Story by: Sgt. 1st Class Malcolm McClendon

Posted: April 2, 2015

Honorary enlistee Rowan Windham poses for a picture at his honorary enlistment ceremony held at Camp Mabry in Austin, Texas, March 27, 2015. Windham is battling a rare disorder, Shwachmann-Diamond Syndrome, which affects the pancreas, gastro-intestinal tract, immune system, blood and bone marrow. During one of his stays at the Children's Hospital in San Antonio, Windham met Sgt. David Hixson, a medic with the Texas Army National Guard. There, Windham shared his dream of always wanting to be a Soldier and soon after, Hixson, with the help of fellow Texas National Guardsmen, made it all possible. (U.S. Army National Guard photo by Sgt. 1st Class Malcolm McClendon).
Honorary enlistee Rowan Windham poses for a picture at his honorary enlistment ceremony held at Camp Mabry in Austin, Texas, March 27, 2015. Windham is battling a rare disorder, Shwachman-Diamond Syndrome, which affects the pancreas, gastrointestinal tract, immune system, blood and bone marrow. During one of his stays at the Children's Hospital in San Antonio, Windham met Sgt. David Hixson, a medic with the Texas Army National Guard. There, Windham shared his dream of always wanting to be a Soldier and soon after, Hixson, with the help of fellow Texas National Guardsmen, made it all possible. (U.S. Army National Guard photo by Sgt. 1st Class Malcolm McClendon).

AUSTIN, Texas - With his right hand raised, eight-year-old Rowan Windham took the Oath of Enlistment to become the newest member of the Texas Army National Guard. 

Rowan had the unique opportunity to be given an honorary enlistment into the organization during a ceremony held at its headquarters at Camp Mabry in Austin, Texas, March 27, 2015.

After an emotional ceremony for friends and family, the young soldier looked out at the audience, cleared his throat and said, “Thank you. This is the best day of my whole entire life.”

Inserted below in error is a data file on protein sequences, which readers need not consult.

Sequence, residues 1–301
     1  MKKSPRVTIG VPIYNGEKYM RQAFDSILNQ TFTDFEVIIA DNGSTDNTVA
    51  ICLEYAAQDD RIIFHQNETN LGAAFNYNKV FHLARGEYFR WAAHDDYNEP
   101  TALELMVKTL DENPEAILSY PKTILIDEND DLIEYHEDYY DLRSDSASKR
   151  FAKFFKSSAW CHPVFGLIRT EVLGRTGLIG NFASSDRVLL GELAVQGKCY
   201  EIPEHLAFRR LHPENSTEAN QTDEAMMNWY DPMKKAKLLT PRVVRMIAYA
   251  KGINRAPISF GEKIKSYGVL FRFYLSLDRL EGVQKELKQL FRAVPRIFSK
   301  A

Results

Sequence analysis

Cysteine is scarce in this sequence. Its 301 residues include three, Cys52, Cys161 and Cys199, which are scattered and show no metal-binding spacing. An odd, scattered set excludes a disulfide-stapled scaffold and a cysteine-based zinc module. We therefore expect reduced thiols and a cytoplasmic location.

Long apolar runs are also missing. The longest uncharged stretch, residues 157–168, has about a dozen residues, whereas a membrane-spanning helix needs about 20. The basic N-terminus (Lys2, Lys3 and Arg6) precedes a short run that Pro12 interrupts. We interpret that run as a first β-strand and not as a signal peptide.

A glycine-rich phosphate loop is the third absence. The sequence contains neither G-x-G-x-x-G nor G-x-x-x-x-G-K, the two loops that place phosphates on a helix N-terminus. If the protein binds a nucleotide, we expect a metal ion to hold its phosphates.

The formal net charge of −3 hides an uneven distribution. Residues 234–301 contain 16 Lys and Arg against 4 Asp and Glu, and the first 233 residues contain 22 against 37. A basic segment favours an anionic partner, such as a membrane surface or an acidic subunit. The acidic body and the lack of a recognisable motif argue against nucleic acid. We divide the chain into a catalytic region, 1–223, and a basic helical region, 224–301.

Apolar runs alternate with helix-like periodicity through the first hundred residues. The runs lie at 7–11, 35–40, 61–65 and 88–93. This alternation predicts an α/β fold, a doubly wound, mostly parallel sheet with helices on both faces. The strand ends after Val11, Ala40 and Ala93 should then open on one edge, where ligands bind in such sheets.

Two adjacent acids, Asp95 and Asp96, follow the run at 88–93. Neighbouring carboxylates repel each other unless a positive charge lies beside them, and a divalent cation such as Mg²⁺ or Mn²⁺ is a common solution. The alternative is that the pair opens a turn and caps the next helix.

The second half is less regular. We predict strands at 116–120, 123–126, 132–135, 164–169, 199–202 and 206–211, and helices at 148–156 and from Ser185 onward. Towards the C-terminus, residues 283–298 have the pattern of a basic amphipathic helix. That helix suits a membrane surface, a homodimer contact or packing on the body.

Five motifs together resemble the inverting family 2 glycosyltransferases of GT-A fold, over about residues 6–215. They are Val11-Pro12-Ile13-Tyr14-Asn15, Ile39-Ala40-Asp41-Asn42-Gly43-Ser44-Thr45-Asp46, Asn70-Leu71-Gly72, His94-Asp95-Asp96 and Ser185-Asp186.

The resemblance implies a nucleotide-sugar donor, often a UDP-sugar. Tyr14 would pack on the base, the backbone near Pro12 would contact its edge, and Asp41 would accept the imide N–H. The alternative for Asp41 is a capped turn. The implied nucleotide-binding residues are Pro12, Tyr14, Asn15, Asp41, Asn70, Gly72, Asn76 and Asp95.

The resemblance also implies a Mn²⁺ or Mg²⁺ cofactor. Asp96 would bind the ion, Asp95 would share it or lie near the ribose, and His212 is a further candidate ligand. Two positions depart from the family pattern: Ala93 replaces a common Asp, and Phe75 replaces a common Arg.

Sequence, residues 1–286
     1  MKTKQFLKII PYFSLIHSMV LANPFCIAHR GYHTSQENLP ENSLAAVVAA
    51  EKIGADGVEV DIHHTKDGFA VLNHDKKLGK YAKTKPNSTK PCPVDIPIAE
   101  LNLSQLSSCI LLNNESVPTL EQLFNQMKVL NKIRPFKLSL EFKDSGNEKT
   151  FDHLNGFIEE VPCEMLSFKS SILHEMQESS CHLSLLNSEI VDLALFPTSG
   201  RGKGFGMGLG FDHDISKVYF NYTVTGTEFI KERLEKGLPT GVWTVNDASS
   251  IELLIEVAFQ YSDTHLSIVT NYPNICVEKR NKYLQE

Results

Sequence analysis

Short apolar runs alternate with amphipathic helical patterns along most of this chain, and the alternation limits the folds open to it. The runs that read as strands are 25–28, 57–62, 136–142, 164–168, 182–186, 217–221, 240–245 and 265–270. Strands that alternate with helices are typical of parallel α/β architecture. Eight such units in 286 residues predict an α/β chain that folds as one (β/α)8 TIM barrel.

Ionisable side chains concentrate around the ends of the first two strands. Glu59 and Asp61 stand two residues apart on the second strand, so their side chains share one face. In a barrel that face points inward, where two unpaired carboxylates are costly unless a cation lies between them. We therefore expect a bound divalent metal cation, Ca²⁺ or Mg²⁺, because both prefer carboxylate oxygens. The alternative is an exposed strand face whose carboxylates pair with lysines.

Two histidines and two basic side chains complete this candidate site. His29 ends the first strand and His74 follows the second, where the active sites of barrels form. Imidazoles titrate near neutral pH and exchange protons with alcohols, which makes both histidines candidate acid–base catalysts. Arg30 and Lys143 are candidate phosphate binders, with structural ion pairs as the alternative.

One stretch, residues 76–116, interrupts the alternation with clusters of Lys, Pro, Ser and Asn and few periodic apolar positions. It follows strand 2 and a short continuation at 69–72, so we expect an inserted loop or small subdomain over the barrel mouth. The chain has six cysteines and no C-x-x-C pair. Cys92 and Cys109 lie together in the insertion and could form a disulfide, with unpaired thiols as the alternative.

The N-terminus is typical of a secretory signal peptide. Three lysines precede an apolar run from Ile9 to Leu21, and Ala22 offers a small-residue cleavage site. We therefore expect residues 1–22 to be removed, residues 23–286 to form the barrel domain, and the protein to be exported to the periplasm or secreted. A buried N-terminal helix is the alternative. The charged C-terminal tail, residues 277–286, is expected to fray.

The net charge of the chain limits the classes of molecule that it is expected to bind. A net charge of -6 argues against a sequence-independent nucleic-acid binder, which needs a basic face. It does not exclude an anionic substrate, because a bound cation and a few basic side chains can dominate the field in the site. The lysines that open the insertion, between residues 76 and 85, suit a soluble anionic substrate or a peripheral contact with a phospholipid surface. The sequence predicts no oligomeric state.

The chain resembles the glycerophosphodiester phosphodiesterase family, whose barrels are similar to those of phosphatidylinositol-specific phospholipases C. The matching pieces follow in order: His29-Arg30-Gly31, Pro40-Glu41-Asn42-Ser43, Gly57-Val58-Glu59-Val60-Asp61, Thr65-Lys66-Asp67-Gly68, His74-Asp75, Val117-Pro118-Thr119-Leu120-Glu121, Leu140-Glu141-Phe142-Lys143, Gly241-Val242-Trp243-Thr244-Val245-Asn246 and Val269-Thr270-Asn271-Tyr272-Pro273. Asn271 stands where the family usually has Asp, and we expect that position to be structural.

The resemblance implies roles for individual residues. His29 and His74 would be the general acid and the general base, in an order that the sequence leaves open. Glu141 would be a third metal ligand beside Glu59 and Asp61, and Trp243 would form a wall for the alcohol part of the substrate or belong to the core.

Rowan is currently battling a rare disorder called Shwachman-Diamond Syndrome, which affects the pancreas, gastrointestinal tract, immune system, blood and bone marrow. Rowan has spent more than 900 days in the hospital, received dozens of blood transfusions and made 71 trips to the operating room.

During one of his stays at the Methodist Children’s Hospital of San Antonio, Rowan met nurse’s aide, David Hixson, who is also a combat medic in the Texas Army National Guard. There the two grew close.

“I met Rowan after my last deployment, and we immediately became friends,” Hixson said. “Even though it wasn't under the best circumstances, every time he came back it was like seeing an old buddy.” 

At a recent visit, Hixson informed Rowan that he would be deploying soon, and they would not be able to see each other for a while. This is where the eight-year-old expressed his life-long wish to his friend.

“When I told Rowan I was leaving, he told me he too wanted to be in the Army one day, Hixson said. “So after talking to his mom, I contacted a friend at Camp Mabry, who later contacted a lieutenant colonel in the public affairs office, and it kind of just snowballed from there. And here we are today.”

In front of family, friends and distinguished guests, Rowan swore to uphold the U.S. Constitution as many of his fellow guardsmen in attendance did before him. Rowan’s father, Brian Windham, described the event as overwhelming and shared his son’s interest in the military and strong will to survive.

“Rowan actually enlisted himself into the Army on a piece of paper a couple of years ago, so this is fantastic; he’s got to be way overwhelmed with joy,” Windham said. “He’s always looking to help other people. He has two feeding tubes, one goes to his heart the other to his stomach, and everyday he’ll tell you he has the best life ever.” 

Rowan’s resilient attitude earned him a spot in his new home unit as he was made an honorary member of the 124th Cavalry Regiment. 

“Because we know that you are such a trooper, we want to enlist you into the cavalry,” said Brig. Gen. Sean Ryan, commander of the 71st Troop Command and officiator at the enlistment. “A cavalry soldier always moves forward in battle, and we know that you, Rowan, are always moving forward in your own battles.”

Rowan will continue to combat his illness as he and his family travel to a specialized hospital in Seattle and look at a possible bone marrow transplant. As Ryan states, Rowan is on his way to his own deployment, but not alone, he now has more than 24,000 guardsmen by his side.............MORE PHOTOS